NYC’s success comes from offering two programs: one consisting of youth ages 16-19, the second with adults ages 19-24. Participants in each session work for five to eight weeks, which allows two sessions each summer. Crews travel throughout Washington, doing various types of restoration work in state and national parks and forests. The initial goal of starting a program like this was to provide Deaf and Hard-of-Hearing individuals support, a comfortable space, and an equitable environment to experience the outdoors in our hearing-dominant world.

Even though NYC has experienced many successes with this program, they continue to face lack of support. Inclusion Coordinator, Darian Lightfoot states, “The largest challenge I’ve seen is people being unaware of Deaf culture and how to support equitable communication. All the information that hearing people are exposed to should be accessible to people using ASL, and that doesn’t always happen.”

Despite the communication barrier, hearing youth request to be on the ASL inclusion crew. This is a prime example of how valuable inclusive crews are to everyone involved. Lightfoot explains, “These hearing youth are able to see that the participants in the ASL inclusion crew are their peers and enjoy all the same things as them.”

In New England

Vermont Youth Conservation Corps (VYCC) continues the progression of inclusive crews, recently winning a Public Lands Alliance Award for their partnership with the US Forest Service (USFS) to engage the Deaf community. Last year, VYCC expanded their partnership with USFS through a collaboration with the Lexington School for the Deaf in Queens, NY. Through these partnerships, VYCC provided a cutting-edge inclusive conservation program. Youth completed various conservation projects at Green Mountain and Finger Lakes National Forests in Vermont and New York.

During the four-week program, hearing members quickly adapted to using sign language, and Hard-of-Hearing youth were provided the support to successfully complete the projects at hand. Executive Director Breck Knauft states, “Having Deaf and hearing Corpsmembers work side-by-side exemplifies our belief that bringing people from different backgrounds together in service creates conditions for powerful learning.” VYCC also serves youth with different types of disabilities, including those with learning disabilities, vision impairment and blindness.

“The most rewarding aspect is watching people grow through their experience and overcome challenges they found daunting at the start of their service. Seeing the changes someone may go through in just 4 weeks is amazing. Also, talking with people whose lives were impacted be the program in the past, I often hear stories of people who were on a crew long ago and it changed their outlook on life”, Patrick Pfeifer, Conservation Program Director.

Barriers to Inclusion

“Deaf and Hard-of-Hearing Corps programs are very important because Deaf and Hard-of-Hearing people are often excluded from serving country and community due to the barriers and lack of opportunities,” said Emma Bixler and Sachiko Flores, founders of CorpsTHAT. “Corps programs help open great opportunities for Deaf and Hard-of-Hearing people to volunteer, show their community involvement on their résumés, and use their experience to obtain jobs.”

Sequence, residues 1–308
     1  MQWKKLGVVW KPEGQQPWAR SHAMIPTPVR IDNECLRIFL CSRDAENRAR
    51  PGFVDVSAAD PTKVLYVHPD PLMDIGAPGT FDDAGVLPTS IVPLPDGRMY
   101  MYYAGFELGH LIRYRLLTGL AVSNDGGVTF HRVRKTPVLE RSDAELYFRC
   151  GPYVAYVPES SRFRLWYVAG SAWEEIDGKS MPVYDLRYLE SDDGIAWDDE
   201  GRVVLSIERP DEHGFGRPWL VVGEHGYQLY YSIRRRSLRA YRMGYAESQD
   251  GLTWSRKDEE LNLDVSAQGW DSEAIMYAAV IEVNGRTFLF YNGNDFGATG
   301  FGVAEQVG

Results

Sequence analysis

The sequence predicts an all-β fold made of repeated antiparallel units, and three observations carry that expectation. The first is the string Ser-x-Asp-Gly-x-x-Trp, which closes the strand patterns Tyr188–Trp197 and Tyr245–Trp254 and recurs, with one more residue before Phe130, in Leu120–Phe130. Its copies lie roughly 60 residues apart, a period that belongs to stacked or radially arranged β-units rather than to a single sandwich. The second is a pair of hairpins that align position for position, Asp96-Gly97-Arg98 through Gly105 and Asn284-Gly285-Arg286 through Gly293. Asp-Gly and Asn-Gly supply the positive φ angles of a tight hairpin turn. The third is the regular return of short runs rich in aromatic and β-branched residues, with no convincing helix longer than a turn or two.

However, developing a successful inclusion program is not easy. Created in 2007, the Utah Conservation Corps (UCC) inclusive crew has seen its fair share of setbacks in terms of procuring funding and sponsors to run their program on an annual basis. Even so, their main challenge continues to be the accessibility of recreational sites. Their program engages individuals with various types of physical disabilities, not just those from the Deaf and Hard-of-Hearing community.

UCC developed a disability inclusion toolkit to inspire Corps around the country to develop their own inclusive programs. UCC credits accessibility condition surveys as the critical first step in determining if spaces are safe and welcoming for disabled participants on their crew. These surveys include a variety of tests and measurements: Are trails passable by a wheelchair? Do videos in the interpretation center have closed captions? In 2009, UCC assisted the U.S. Forest Service in developing a national database of information on the accessibility of public lands.

As opposed to more obvious structural issues that may limit the work of other inclusive crews, CorpsTHAT considers people’s assumptions and misunderstandings as the major barriers faced by Deaf and Hard-of-Hearing crews specifically. For the most part, the average hearing person has limited or no experience working with Deaf individuals. Both parties face fears of miscommunication, inaccurate assumptions, and lack of confidence in their ability to perform.

“When Deaf participants have full access to communication and are on the crews with other Deaf participants, the uncertainty is removed and all participants are able to have a barrier-free experience,” Said Bixler and Flores.

CorpsTHAT believes inclusion crews have unique benefits hearing crews lack. For example, inclusion crews’ productivity and attention level is at a higher rate than hearing crews. Due to their inability to comfortably communicate and work at the same time or hold side conversations, interruptions are scarce; all their focus and energy is geared towards completing the task at hand. Another benefit of inclusion crews is the strength of Deaf crew members’ visual-spatial abilities, which aid in solving problems or completing projects faster.

Though inclusive crews offer numerous benefits, one of the most rewarding aspects is providing all individuals – regardless of their abilities – the opportunity to serve our country through conservation efforts. Feeling safe and comfortable working outdoors is something many of us take for granted; these programs make conservation work something that more people can experience. Inclusive crews at Corps demonstrate that any workplace can adjust be more inclusive. The young people on these crews start off as strangers, but they face communication barriers head on and take the time to understand one another, despite cultural differences.